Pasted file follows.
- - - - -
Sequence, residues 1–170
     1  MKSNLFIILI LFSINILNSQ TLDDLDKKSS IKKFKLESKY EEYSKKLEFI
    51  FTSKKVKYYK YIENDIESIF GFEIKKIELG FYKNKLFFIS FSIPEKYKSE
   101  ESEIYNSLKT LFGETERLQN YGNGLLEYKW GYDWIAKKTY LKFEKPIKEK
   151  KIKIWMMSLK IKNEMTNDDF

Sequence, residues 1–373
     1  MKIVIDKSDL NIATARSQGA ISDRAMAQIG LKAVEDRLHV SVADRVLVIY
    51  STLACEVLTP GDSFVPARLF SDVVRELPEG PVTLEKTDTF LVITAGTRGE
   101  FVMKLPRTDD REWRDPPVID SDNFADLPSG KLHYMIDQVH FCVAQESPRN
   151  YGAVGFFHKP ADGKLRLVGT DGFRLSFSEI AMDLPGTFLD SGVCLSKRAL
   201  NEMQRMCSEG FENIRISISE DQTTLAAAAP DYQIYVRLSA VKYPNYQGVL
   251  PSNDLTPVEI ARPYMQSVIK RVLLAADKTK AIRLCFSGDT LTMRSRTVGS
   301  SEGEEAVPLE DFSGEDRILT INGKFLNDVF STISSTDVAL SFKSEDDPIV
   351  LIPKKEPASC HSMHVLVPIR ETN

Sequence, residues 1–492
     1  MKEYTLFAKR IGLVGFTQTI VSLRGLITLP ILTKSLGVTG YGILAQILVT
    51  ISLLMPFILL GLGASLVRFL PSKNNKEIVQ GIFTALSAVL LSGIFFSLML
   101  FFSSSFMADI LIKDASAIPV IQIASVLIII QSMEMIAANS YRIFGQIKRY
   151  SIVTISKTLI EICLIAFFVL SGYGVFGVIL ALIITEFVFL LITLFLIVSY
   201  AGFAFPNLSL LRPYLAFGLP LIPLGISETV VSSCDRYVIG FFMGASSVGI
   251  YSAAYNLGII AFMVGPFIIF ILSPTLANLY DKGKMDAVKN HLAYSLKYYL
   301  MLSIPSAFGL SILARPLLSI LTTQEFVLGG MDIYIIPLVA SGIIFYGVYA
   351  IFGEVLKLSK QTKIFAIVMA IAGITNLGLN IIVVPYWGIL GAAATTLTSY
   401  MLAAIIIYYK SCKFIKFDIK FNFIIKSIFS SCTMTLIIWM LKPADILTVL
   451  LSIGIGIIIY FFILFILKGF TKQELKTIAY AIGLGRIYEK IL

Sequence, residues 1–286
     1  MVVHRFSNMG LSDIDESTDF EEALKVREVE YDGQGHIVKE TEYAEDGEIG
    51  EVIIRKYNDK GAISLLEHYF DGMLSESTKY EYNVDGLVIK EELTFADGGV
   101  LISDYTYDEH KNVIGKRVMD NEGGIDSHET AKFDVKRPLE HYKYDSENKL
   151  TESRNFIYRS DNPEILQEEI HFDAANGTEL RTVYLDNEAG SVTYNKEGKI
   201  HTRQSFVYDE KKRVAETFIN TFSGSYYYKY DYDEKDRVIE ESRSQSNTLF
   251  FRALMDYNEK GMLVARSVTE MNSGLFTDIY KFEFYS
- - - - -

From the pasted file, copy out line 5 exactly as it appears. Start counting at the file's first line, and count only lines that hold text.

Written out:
   151  KIKIWMMSLK IKNEMTNDDF